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At a Glance:
August 25, 2002
Medical Fees


August 25, 2002


_____ (Petitioner) appealed the findings and decision of the Texas Workers’ Compensation Commission’s (Commission) Medical Review Division (MRD) which ordered it to reimburse MHHS Hermann Hospital (Respondent or Hermann Hospital) an additional $ 43,624.68, plus accrued interest, for services provided to Claimant during an extended hospital stay. The MRD decision determined that _____ improperly reimbursed Respondent using a per diem rate instead of the stop-loss reimbursement methodology. The ALJ agrees with the MRD decision and finds that Petitioner should pay Respondent the amount ordered.


There were no contested issues of jurisdiction, notice or venue. Therefore, those issues are addressed in the findings of fact and conclusions of law without further discussion here.

The hearing in this matter was held June 10, 2002, at the State Office of Administrative Hearings, 300 W. 15th Street, Austin, Texas, with Administrative Law Judge (ALJ) Suzanne Marshall presiding. The record remained opened until June 26, 2002, to accept post-hearing briefs.[1] Petitioner was represented by Bradley McClellan, Assistant Attorney General. Respondent MHHS Hermann Hospital was represented by Randy Hewett from Health Source Consultants, Inc. The Commission participated in the hearing and was represented by Jacqueline Harrison.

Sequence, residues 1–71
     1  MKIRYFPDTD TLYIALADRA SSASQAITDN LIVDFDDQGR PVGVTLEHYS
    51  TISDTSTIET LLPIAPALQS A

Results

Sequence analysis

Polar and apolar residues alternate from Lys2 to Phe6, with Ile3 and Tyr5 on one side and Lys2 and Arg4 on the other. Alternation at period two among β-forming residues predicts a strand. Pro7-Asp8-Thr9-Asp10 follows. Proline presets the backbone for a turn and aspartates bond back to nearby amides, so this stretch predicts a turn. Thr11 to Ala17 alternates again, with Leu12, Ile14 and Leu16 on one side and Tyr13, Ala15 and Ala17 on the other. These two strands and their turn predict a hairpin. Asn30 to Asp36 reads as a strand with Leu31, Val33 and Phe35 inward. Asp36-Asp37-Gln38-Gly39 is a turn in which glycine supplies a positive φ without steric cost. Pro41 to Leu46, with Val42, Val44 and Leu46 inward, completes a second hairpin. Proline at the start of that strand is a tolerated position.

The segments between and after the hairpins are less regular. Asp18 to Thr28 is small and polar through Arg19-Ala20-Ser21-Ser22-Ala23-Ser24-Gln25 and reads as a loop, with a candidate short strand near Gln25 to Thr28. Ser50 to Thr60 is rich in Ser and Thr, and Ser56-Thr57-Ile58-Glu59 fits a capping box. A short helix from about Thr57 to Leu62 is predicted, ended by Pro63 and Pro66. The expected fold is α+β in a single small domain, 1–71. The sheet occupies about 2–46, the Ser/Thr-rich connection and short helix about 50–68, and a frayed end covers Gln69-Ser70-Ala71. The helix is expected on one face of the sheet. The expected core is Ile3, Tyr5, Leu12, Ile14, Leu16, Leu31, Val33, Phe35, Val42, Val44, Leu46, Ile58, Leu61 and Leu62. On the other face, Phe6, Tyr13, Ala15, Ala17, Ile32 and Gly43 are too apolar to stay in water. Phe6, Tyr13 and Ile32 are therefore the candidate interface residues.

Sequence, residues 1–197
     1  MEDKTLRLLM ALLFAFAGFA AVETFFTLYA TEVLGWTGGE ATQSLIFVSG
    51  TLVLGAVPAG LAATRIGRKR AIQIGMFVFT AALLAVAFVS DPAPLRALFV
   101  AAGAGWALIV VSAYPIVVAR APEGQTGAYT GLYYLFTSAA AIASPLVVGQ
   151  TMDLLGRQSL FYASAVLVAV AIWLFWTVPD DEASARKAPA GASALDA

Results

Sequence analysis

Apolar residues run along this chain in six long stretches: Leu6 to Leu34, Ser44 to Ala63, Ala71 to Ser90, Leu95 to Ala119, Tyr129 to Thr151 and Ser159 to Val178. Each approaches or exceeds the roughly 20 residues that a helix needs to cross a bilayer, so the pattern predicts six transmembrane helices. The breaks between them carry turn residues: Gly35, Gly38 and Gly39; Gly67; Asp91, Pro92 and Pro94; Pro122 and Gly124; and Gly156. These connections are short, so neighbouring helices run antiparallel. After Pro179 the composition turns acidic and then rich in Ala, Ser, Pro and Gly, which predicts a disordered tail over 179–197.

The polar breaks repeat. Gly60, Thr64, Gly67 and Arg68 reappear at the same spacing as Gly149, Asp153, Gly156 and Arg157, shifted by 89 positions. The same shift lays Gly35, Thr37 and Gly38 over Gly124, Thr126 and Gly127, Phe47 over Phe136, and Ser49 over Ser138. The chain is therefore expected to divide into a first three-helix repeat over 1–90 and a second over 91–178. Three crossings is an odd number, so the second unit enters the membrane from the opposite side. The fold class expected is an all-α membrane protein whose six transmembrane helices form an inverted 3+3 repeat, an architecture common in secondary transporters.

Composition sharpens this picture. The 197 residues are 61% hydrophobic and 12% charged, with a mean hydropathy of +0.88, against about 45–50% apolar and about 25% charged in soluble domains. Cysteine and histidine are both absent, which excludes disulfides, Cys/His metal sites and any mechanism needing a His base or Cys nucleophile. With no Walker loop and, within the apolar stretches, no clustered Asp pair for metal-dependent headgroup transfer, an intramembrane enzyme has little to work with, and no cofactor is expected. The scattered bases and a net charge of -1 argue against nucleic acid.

Petitioner offered no evidence in its case in chief. The evidence consisted of the certified record containing 520 pages from the Commission’s MRD proceeding, testimony from Mr. Hewett, and two exhibits offered by Petitioner as rebuttal evidence, relating to the date that the certified record was sent to and received by counsel for Petitioner.[2]


A. Background Facts

On____, while employed by ____ _____, Claimant,____, fell and suffered C6 quadriplegia. This injury was a compensable injury under the Texas Workers’ Compensation Act (Act). The employer is insured by _____.